From Remarks by the Vice President and Mrs. Cheney Followed by Question and Answer at a Town Hall Meeting, Davenport, Iowa, August 24, 2004:
QUESTION: We have a battle here on this land, as well. And I would like to know, sir, from your heart — I don’t want to know what your advisors say, or even what your top advisor thinks — but I need to know what do you think about homosexual marriages.
THE VICE PRESIDENT: Well, the question has come up obviously in the past with respect to the question of gay marriage. Lynne and I have a gay daughter, so it’s an issue that our family is very familiar with. We have two daughters, and we have enormous pride in both of them. They’re both fine young women. They do a superb job, frankly, of supporting us. And we are blessed with both our daughters.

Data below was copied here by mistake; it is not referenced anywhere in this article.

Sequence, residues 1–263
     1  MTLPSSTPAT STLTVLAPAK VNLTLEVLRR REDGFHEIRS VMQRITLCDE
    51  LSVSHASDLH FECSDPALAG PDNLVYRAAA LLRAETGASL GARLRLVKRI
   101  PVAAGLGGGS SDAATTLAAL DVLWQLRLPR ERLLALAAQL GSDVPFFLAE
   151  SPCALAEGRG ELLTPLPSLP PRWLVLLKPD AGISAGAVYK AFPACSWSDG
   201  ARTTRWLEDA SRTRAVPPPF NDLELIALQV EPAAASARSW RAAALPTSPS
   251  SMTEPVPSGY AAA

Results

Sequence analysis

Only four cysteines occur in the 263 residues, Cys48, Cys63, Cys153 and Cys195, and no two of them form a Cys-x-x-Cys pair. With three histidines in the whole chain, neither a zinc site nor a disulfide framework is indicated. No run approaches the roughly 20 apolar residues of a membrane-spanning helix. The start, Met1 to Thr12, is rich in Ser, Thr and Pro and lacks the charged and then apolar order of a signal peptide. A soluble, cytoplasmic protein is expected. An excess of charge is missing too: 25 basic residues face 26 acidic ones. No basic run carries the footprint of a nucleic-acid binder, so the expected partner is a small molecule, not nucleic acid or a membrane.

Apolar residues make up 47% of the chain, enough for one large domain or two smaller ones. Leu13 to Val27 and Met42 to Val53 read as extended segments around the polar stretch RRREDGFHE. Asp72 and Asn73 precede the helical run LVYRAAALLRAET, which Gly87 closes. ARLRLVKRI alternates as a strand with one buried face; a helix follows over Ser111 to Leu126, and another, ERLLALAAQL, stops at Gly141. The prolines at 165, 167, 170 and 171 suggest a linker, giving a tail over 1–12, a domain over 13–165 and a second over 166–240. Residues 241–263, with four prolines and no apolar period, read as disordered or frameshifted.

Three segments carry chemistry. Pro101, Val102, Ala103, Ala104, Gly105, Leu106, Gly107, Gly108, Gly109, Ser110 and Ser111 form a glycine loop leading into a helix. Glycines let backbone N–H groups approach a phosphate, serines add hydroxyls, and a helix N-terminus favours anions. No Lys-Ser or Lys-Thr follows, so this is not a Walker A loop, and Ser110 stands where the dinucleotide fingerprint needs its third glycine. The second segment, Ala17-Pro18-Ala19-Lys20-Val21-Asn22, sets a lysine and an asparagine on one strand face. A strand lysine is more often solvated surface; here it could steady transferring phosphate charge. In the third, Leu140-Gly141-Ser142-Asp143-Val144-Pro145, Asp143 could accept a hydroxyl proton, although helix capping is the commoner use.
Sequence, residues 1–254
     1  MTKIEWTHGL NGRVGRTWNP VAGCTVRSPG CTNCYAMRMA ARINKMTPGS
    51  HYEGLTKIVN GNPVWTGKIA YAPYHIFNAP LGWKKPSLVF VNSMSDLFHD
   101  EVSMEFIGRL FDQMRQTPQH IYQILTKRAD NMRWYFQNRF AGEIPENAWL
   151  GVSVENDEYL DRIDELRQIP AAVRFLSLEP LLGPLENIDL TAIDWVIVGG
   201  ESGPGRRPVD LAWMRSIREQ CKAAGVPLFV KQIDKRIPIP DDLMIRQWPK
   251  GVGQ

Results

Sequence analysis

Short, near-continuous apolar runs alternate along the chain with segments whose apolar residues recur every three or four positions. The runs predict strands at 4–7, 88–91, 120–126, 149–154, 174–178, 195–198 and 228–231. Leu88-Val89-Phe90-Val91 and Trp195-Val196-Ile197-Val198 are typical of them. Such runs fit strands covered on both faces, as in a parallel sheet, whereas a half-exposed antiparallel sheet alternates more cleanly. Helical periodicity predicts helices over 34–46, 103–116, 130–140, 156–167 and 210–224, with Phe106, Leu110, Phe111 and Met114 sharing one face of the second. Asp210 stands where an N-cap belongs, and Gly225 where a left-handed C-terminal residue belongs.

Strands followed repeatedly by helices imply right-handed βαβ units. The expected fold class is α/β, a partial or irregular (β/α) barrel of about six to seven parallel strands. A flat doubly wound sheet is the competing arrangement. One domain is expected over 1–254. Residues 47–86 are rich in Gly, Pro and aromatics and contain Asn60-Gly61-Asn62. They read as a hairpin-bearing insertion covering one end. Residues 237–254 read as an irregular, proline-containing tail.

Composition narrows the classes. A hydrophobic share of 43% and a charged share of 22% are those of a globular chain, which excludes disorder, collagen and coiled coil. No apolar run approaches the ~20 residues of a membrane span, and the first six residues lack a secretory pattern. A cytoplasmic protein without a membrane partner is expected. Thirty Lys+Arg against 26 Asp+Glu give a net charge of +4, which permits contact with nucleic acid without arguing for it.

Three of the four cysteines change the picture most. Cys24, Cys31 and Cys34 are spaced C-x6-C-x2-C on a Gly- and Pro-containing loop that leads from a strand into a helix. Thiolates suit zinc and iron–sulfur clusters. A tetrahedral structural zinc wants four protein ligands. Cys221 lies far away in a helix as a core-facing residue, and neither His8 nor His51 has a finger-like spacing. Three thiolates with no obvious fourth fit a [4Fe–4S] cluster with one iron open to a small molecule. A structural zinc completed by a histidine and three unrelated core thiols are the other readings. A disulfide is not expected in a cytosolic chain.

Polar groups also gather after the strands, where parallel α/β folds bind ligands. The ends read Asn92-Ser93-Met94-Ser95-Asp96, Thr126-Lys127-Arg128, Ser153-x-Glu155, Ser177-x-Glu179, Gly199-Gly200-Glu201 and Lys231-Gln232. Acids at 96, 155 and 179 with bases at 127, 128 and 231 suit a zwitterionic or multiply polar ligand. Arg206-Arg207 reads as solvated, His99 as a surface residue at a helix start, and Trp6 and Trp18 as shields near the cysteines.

With respect to the question of relationships, my general view is that freedom means freedom for everyone. People ought to be able to free — ought to be free to enter into any kind of relationship they want to. The question that comes up with respect to the issue of marriage is what kind of official sanction, or approval is going to be granted by government, if you will, to particular relationships. Historically, that’s been a relationship that has been handled by the states. The states have made that basic fundamental decision in terms of defining what constitutes a marriage. I made clear four years ago when I ran and this question came up in the debate I had with Joe Lieberman that my view was that that’s appropriately a matter for the states to decide, that that’s how it ought to best be handled.